The potential use of intralipid to minimize propofol’s cardiovascular effects

  • Ferrante S. Gragasin
  • Sandra T. Davidge
  • Ban C. H. Tsui
Correspondence

DOI: 10.1007/s12630-008-9031-4

Cite this article as:
Gragasin, F.S., Davidge, S.T. & Tsui, B.C.H. Can J Anesth/J Can Anesth (2009) 56: 170. doi:10.1007/s12630-008-9031-4

To the Editor

Many reports exist which advocate the use of intralipid to reverse local anesthetic cardiovascular toxicity. The precise mechanism of action, while unknown at the present time, may include a combination of reduced tissue binding of local anesthetic by a plasma-lipid phase and a beneficial metabolic effect involving cardiac mitochondria.1 We hypothesized that intralipid can also function as a cardiovascular reversal agent for propofol.

Despite suggestions that physostigmine2 or aminophylline 3 can reverse the sedative-hypnotic effects of propofol, no medication currently exists which can directly reverse the cardiovascular effects of propofol. It remains a matter of supportive management while allowing the effects of propofol to dissipate. From a recent study involving aging of resistance systemic arteries ex vivo, we found that vascular relaxation was induced by propofol concentrations between 1 and 100 μM (unpublished results). In a similar experiment, we also found that propofol-induced relaxation [100 μM (0.02 mg ml−1 final concentration); Novopharm, ON, Canada] was antagonized by the administration of intralipid 20% at a final concentration of 2–4% soybean oil (Baxter, ON, Canada). Our method of isolating arteries has been described previously.4 Briefly, rat mesenteric arteries 100–200 μm in diameter were excised and subjected to isometric tension studies utilizing a wire myograph system. These arteries were pre-constricted with phenylephrine (PE) and were relaxed by propofol. After the addition of propofol (0.02 mg ml−1 final concentration), intralipid 20% (500–1,000 μl in 5 ml tissue bath) consistently reversed the relaxation caused by propofol in four out of four samples. In contrast, the addition of an equivalent volume of saline (control) did not reverse the propofol-induced relaxation (Fig. 1). Based on these preliminary findings, we extrapolated that approximately 50–100 ml of intralipid 20% may be required to reverse the effects of 1 ml of commercially available propofol (10 mg ml−1). Additionally, intralipid itself did not induce constriction in the absence of PE and was not toxic to the arteries, since they exhibited PE constriction following intralipid washout.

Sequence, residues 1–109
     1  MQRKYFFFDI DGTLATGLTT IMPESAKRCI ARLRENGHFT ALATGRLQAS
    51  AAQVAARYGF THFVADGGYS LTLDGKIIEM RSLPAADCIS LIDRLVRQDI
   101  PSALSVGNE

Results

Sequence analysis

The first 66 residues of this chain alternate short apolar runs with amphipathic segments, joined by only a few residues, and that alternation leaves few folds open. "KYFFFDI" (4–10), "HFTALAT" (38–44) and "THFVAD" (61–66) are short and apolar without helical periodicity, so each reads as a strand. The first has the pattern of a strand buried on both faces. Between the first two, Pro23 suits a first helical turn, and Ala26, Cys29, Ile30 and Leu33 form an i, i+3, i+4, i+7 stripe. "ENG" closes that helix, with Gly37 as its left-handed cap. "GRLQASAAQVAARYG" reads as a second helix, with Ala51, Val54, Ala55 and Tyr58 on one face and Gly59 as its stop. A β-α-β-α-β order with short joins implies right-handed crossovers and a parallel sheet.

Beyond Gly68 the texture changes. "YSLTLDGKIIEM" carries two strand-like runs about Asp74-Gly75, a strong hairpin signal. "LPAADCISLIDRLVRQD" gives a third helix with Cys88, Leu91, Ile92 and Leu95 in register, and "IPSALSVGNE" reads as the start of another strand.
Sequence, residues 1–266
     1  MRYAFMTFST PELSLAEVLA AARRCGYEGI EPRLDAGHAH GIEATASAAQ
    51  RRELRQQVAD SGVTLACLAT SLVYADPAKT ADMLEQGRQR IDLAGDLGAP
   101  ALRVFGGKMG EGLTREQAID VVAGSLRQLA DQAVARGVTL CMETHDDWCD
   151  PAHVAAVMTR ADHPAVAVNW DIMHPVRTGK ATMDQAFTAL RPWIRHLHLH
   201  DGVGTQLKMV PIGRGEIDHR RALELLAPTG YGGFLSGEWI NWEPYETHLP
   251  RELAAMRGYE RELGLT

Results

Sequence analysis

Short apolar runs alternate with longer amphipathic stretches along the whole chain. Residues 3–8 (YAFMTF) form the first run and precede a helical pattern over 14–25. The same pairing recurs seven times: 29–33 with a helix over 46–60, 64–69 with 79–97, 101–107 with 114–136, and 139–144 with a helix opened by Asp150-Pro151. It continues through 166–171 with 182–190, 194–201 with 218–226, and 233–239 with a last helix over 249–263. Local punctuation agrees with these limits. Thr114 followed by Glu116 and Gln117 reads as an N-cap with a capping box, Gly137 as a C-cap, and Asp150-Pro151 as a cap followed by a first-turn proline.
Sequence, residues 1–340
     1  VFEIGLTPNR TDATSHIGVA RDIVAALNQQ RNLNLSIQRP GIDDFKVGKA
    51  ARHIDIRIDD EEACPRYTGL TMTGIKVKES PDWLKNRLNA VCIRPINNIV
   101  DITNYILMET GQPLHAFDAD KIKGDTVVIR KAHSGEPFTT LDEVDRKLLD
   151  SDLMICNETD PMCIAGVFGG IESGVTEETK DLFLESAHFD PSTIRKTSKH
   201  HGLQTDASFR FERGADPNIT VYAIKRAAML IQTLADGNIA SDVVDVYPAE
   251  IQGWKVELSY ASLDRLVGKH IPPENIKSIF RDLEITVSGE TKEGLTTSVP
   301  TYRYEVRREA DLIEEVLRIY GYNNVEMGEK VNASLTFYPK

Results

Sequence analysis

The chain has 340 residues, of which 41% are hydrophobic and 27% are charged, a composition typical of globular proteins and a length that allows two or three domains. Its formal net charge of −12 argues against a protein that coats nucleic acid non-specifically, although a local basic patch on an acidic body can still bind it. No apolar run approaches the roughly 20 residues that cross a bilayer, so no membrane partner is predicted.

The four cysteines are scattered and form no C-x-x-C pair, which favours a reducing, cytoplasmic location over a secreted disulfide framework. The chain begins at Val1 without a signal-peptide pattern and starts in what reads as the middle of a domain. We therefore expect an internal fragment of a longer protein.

Fig. 1

Intralipid, but not an equivalent volume of saline, reverses propofol-induced vasodilation Representative traces for the effects of (a) intralipid vs (b) saline control, and (c) mean data demonstrating reversal of propofol-induced relaxation in resistance mesenteric arteries by the addition of intralipid (n = 4 per group); *P < 0.05 intralipid vs control

Propofol is available commercially as a mixture in intralipid, where soybean oil holds the bulk of the propofol.5 Therefore, we propose that intralipid can serve as a “propofol mop” by extracting propofol from its site of action (e.g., hydrophobic pockets of membrane proteins). It is unlikely to be a dilutional effect, since the corresponding volume of saline added to the tissue baths did not reverse the vasodilation. We suggest that intralipid may inhibit the untoward effects of propofol at the vascular level, since previous findings have demonstrated that only small amounts of intralipid cross the blood-brain barrier.6 Therefore, with the administration of intralipid, the actions of propofol on sedation/consciousness have the potential to be unaltered, without cardiovascular depression. As mentioned above, intralipid is being advocated as an antidote for local anesthetic toxicity, and we propose an additional role to minimize propofol’s untoward cardiovascular side-effects. Similar to treatment for local anesthetic toxicity, further studies taking the bench-to-bedside approach will need to be completed to determine the minimum amount of intralipid necessary to reverse the cardiovascular effects of propofol in vivo. Dose-finding studies utilizing this type of experimental set-up, followed by the use of whole animal models, will be required to address this question.

Conflicts of interest

None declared.

Copyright information

© Canadian Anesthesiologists’ Society 2008

Authors and Affiliations

  • Ferrante S. Gragasin
    • 1
  • Sandra T. Davidge
    • 1
  • Ban C. H. Tsui
    • 1
  1. 1.University of AlbertaEdmontonCanada

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